Organic recycling might be added to town’s trash plans

fruit-veggies

Redding is a perfect candidate for an organics recycling program, the Housatonic Resources Recovery Authority said. An organics program would allow residents the chance to separate their organic waste for specific recycling and composting.

Such organic waste would include meat, bones, shellfish, fruits, vegetables, and even tissues and paper towels.

Residents who separate and contribute organic waste might be eligible to receive a load of compost at the end of the year, as well.

The Housatonic Resources Recovery Authority director, Jen Iannucci, said at Monday’s Board of Selectmen meeting that based on her experiences in Bridgewater, Newtown and Ridgefield, “we know it’s a viable program.” In Bridgewater, 140 households use the program, and 230 in Newtown have joined the program in just the last month.

There are two ways to institute organics recycling. One requires residents to drop their organic waste off at the transfer station. The second includes pickup along with traditional trash.

For residents, Iannucci said, “it might be a way to save money” if they are charged for garbage by weight, “even if it isn’t just the right thing to do.”

Household compost?

Residents will be able to add a larger variety of organics to the proposed municipal organics program than they add to a home-based compost pile.

For instance, meats, bones, shellfish, and paper towels would all be allowed in the municipal program.

“These items are all OK because it is a commercial processing system. The process gets a lot hotter and a lot more controlled, so you are able to add in the bones, shellfish and meat you wouldn’t put in your back yard. You can even include tissues and paper towels in this program,” Iannucci said.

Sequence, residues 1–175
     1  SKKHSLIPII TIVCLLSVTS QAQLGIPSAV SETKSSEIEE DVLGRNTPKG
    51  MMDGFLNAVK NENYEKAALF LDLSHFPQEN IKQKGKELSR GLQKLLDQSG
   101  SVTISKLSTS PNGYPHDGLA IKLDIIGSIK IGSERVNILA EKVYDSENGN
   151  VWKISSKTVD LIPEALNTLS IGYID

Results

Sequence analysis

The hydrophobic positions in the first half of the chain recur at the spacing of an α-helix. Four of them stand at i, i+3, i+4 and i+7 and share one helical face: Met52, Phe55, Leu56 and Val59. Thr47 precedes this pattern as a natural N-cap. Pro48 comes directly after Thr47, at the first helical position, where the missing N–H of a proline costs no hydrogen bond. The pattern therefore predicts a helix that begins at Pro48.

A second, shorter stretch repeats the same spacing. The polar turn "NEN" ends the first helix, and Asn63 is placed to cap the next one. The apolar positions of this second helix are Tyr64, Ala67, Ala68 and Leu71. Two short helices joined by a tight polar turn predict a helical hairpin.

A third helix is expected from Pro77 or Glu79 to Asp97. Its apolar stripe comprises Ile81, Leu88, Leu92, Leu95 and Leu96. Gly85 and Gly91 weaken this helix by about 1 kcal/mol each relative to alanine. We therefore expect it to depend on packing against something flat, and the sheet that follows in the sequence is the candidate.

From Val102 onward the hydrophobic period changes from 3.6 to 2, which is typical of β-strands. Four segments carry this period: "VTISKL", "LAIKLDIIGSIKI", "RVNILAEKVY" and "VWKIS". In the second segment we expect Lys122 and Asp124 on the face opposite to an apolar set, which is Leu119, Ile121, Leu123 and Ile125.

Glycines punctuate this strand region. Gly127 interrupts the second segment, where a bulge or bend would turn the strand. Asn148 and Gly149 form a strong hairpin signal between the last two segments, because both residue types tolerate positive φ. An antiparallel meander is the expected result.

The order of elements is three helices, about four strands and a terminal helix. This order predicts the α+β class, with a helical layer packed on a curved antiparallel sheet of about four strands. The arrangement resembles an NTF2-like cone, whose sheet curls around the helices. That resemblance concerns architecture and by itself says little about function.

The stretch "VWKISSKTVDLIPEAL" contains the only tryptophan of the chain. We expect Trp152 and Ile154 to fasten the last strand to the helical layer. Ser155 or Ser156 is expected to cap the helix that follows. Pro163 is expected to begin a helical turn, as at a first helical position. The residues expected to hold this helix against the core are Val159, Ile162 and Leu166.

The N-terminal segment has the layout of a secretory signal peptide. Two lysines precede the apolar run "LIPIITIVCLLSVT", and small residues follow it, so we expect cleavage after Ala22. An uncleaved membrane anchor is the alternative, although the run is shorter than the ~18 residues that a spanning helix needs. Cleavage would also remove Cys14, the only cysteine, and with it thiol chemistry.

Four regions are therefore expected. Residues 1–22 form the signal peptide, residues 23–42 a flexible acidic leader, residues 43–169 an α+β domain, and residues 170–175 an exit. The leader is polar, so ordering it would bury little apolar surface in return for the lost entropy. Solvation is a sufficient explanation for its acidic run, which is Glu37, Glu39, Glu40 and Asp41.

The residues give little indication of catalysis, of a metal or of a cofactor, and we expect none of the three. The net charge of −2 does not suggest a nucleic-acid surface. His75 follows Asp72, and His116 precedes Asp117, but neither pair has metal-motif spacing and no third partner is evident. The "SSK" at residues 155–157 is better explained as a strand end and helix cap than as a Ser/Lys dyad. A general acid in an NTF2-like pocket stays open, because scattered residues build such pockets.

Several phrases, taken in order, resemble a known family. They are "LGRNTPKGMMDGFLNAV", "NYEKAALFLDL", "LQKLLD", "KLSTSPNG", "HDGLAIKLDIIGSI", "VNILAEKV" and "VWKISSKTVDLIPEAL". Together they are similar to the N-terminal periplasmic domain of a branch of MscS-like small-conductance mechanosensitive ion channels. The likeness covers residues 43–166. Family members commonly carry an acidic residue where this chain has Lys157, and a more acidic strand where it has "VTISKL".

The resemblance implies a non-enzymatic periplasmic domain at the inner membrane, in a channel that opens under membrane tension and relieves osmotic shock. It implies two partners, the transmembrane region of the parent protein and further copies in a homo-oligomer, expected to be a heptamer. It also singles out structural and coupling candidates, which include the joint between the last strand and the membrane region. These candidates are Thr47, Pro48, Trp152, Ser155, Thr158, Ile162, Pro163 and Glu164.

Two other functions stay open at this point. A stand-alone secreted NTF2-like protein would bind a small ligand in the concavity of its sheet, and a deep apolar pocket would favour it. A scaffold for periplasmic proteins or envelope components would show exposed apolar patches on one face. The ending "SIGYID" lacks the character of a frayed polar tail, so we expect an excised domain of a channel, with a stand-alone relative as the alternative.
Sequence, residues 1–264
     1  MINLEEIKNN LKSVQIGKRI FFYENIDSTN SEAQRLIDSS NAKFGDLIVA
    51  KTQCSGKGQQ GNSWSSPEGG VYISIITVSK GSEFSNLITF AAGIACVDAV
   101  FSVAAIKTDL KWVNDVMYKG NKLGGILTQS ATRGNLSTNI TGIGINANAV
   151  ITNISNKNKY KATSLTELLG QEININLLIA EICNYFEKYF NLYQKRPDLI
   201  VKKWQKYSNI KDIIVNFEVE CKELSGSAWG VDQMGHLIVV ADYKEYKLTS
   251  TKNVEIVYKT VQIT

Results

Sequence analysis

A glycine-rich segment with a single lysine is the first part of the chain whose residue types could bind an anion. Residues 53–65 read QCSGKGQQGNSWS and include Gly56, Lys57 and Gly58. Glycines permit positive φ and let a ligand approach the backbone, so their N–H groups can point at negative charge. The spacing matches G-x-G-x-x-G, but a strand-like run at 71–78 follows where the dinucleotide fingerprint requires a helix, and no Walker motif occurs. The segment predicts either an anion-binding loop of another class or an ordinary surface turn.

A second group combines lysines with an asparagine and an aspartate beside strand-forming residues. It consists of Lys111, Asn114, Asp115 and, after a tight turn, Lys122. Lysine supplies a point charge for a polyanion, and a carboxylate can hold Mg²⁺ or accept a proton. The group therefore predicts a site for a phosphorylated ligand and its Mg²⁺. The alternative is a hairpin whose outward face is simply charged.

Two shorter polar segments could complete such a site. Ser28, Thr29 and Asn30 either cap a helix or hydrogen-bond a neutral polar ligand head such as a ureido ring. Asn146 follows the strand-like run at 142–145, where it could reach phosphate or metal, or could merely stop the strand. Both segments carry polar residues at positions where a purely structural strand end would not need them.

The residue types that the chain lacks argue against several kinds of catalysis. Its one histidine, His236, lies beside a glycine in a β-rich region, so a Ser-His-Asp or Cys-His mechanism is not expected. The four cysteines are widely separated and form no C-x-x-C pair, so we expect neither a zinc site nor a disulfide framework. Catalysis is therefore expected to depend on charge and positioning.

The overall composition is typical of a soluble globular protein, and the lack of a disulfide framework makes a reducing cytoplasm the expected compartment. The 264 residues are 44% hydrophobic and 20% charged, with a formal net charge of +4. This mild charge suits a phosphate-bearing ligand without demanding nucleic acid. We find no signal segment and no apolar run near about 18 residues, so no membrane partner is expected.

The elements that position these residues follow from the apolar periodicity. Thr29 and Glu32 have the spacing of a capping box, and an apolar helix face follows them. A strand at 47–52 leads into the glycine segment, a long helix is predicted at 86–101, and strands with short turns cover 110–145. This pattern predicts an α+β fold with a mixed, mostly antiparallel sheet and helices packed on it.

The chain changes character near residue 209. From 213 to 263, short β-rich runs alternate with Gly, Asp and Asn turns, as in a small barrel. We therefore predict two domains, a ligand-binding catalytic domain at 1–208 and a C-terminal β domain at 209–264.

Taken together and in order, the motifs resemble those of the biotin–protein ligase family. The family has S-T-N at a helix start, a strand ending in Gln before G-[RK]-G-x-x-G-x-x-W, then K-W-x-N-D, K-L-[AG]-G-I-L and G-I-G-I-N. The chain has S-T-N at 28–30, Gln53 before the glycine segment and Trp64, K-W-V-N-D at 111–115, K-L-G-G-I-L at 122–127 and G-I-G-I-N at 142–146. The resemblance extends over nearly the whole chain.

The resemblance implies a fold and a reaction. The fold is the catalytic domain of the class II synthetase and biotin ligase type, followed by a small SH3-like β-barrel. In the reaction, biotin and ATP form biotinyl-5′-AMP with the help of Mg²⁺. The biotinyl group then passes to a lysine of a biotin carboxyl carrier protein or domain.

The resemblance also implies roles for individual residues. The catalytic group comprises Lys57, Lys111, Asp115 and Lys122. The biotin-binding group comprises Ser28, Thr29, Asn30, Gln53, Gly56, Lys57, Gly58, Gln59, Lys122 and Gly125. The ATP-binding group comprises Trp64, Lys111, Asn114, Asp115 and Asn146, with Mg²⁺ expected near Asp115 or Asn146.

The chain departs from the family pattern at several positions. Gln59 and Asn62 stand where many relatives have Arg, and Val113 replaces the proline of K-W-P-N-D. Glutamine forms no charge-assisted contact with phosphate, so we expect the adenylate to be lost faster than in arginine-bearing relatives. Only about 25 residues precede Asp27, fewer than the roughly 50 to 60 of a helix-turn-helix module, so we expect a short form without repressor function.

Cost

The town of Redding can apply for grants to fund this program, Iannucci said.

“The cost can be covered by a state grant up to $20,000. That amount doesn’t have to be just on compost. If you need to improve something like signage, or anything to reduce the waste stream and increase recycling, they’ll give you the money up to $20,000,” she said.

The Housatonic Resources Recovery Authority facilitates the program, but does not provide funding.

“The grant to supply the program can include carry containers, kitchen containers and it comes with a supply of bags for the program. This all comes in bulk, and later on residents can purchase them at a local store if they need to,” Iannucci said.

Odor

The general public is usually concerned about the “odor” associated with this system, but Iannucci says those worries are misguided.

“We already have it in our regular household trash. We’re just asking that you separate it and put it in another container. We’re already taking the waste in, though now it would actually be picked up more frequently. … [Organics] will be picked up on a more regular basis, and you’ll hold on to to your [non-organic] waste a little bit longer because it doesn’t have the food scraps in it.”

HRRA

The Housatonic Resources Recovery Authority is also known as HRRA and is pronounced as “Hurrah.”

It is the regional municipal solid waste (MSW) and recycling management organization for the Housatonic Valley municipalities of Bethel, Bridgewater, Brookfield, Danbury, Kent, New Fairfield, New Milford, Newtown, Redding, Ridgefield, and Sherman.

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